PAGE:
The Library Foundation has been a longtime supporter of the Summer Reading Club — Los Angeles Public Library’s longest running program — and this year it will be easier for more participants to engage with than ever before. Mayor Garcetti has announced that this summer will be a “Summer of Learning” in Los Angeles, based on Chicago’s model in 2013. The reading clubs, which foster literacy and learning when students are out of school, will be a core component of “Summer of Learning,” offering students the chance to earn digital badges through a City website for completing game boards, for volunteering 20 hours, and for participating in science workshops.

Pause to Read Artwork

Running from June 9 to August 2, this year’s reading theme is “Paws to Read,” and will feature a range of fun animal activities like origami, puppet shows, crafts, robot building, science workshops, and more. The game boards that help guide students through a fun reading journey will be more readily available this summer—in the branches, at schools, and online.

Paws to Read LogoPlus, the Library has teamed up with the Los Angeles Zoo, along with The Getty Center, The Skirball Cultural Center, LACMA, the California Science Center, and the Natural History Museum to make the game boards more interactive through animal photos and artwork, and to encourage kids to visit all of these important educational institutions.

For a full schedule of all upcoming programs for children and teens, visit lapl.org/summerreading.

The Library Store Summer Sale!

The Library Store will be holding its annual sale starting this Friday, May 30! Stop on by The Library Store for a huge selection of items marked down 50% to 75% off. Sale’s on while supplies last, so shop early for the best selection. New items will be added daily. The selection will include jewelry, cards, books, children’s toys, t-shirts, and much much more! See you there!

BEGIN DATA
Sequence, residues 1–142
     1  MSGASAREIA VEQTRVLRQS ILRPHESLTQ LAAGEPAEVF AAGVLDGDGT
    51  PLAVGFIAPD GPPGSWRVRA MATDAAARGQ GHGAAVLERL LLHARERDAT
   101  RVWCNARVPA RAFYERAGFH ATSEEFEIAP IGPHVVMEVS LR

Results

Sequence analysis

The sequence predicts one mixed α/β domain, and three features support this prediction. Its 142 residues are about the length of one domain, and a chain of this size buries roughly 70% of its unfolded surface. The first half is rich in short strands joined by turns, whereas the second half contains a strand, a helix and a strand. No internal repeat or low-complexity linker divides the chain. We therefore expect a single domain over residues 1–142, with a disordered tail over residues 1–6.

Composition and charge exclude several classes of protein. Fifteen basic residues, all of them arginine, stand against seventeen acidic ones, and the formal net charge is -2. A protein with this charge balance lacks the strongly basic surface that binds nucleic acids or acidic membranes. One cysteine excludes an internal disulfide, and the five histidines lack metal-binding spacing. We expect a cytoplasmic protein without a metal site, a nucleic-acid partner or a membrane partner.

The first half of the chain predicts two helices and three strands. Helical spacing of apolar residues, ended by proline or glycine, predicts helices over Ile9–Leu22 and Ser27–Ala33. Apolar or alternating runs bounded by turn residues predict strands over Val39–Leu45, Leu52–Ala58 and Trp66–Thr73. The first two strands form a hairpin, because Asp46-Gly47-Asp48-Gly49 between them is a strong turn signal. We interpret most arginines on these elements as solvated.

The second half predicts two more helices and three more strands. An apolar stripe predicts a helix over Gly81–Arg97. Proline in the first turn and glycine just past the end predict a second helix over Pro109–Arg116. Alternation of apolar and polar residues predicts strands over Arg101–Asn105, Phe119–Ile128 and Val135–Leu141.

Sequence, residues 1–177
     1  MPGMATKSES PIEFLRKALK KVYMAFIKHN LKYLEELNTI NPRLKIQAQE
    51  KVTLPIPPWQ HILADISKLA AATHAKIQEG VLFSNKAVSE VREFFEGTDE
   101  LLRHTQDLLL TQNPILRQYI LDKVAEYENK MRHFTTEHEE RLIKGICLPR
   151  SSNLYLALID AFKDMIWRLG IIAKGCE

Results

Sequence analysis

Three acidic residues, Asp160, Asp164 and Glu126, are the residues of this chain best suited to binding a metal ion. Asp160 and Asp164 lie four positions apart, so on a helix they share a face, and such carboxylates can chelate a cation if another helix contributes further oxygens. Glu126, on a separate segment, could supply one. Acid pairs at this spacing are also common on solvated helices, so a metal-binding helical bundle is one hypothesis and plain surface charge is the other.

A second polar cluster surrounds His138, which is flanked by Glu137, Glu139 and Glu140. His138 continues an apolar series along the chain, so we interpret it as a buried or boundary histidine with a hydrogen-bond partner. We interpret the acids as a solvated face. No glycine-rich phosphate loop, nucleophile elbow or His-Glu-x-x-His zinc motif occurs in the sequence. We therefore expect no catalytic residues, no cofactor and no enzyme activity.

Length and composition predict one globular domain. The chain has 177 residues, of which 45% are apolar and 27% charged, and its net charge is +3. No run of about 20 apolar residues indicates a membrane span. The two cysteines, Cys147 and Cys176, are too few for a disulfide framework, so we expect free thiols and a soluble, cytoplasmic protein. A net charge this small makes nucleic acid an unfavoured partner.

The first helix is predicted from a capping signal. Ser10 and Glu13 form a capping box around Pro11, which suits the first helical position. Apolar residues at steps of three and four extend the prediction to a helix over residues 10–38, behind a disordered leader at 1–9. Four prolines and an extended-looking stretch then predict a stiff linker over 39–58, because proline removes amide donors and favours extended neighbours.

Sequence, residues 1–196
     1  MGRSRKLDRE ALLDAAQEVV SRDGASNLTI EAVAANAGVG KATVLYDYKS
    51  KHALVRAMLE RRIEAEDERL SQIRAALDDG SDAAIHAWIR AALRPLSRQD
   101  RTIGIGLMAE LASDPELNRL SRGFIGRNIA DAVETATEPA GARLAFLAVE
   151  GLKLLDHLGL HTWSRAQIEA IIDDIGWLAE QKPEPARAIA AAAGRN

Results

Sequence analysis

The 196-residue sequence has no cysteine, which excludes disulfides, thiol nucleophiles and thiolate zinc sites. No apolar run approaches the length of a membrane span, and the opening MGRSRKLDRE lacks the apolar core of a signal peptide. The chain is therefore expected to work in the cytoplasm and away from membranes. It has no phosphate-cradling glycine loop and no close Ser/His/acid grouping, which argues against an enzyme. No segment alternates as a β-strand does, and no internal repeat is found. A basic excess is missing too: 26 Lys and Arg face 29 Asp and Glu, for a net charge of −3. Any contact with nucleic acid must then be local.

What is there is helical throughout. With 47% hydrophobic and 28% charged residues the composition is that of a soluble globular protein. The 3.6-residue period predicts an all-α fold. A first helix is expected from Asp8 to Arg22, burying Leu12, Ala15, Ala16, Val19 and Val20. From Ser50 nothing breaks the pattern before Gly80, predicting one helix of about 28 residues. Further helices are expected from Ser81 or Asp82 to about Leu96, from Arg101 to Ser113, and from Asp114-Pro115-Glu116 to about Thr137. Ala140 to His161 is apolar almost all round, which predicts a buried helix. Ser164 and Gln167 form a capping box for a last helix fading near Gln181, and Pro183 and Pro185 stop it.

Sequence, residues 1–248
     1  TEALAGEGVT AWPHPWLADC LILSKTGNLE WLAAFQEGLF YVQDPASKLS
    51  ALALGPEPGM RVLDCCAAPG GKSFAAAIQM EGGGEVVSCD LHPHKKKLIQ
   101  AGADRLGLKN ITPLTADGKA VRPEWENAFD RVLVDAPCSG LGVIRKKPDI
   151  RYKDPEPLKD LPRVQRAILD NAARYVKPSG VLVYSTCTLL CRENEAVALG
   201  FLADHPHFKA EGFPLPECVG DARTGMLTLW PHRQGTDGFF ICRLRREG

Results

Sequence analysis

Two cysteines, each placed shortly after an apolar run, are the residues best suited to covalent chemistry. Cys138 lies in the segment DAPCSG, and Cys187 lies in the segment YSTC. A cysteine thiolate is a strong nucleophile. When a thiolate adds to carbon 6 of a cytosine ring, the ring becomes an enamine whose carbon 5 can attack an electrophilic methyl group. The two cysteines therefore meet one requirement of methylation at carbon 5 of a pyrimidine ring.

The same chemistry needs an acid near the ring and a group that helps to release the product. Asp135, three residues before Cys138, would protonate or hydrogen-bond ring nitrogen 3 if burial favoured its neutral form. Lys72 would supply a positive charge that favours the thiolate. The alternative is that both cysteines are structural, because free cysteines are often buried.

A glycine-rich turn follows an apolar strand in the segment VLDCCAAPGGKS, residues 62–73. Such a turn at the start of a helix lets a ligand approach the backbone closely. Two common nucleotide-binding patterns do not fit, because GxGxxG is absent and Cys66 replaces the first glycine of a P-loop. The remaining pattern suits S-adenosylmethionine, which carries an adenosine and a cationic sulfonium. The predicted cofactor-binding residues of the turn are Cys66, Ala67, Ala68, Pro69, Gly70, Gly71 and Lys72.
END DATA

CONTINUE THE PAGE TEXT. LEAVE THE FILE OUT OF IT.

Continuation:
Questions? Call The Library Store at 213.228.7550.

All Aboard! Don’t Miss the Trains at Central Library

Earlier this month a new exhibit marking the 75th anniversary of Union Station opened at the Central Library. No Further West: The Story of Los Angeles Union Station is the first exhibition to examine the significance of the architectural design and cultural politics of the historic station. The exhibit is free and open to the public during regular library hours at the downtown Central Library through August 10.

As part of the exhibit, the Library Foundation has made it possible for various train clubs–including the Southern California Traction Club pictured above and below–to have model trains running in the Getty Gallery on selected dates. Check out the schedule below and bring the family for this rare chance to see these incredible trains let loose in the Library.

No Further West is organized by the Getty Research Institute with the generous participation of the Automobile Club of Southern California.

 

 

 

 

Three Writers (De)construct Form at ALOUD

On next Tuesday, May 20th, three innovative and genre-crossing writers will take the ALOUD stage for “Sentence After Sentence After Sentence,” to discuss their own unique relationships to form—or lack their of. Moderated by the novelist Jim Krusoe, Anne Germanacos, Dinah Lenney, and Matias Viegener will consider the power of “structure” to challenge, propel, de-rail, shape, cloud, elevate, illuminate, or simply extend the impulses of their writing. To get a sense of the myriad ways this conversation may itself take shape, we caught up with the three writers to share a sample of their writing.

Anne Germanacos:

 “The following page gives a sense of the way the text moves—something like a mind —requiring the reader to relinquish certain expectations of narration and surrender to the flow, which has its own logic and rewards.” –The excerpt below is from Tribute, her new experimentation with narrative.

rejoicing, in my own quiet but occasionally sole-slapping way

*

maintaining tension, modulating it

*

full moon—mooning around

*

Holding onto a secret has its price: you pay until you can’t.

*

Like a good analyst, like a good mother, a story holds.

*

(a sliver of perfection)

*

Some organizing part of me goes dumb.

*

no ledge, no circle of earth, no leg

*

Shaping, you kill.

*

some half-assed Michelangelo, chipping away

*

bliss?

*

one line for me, and another line for me

*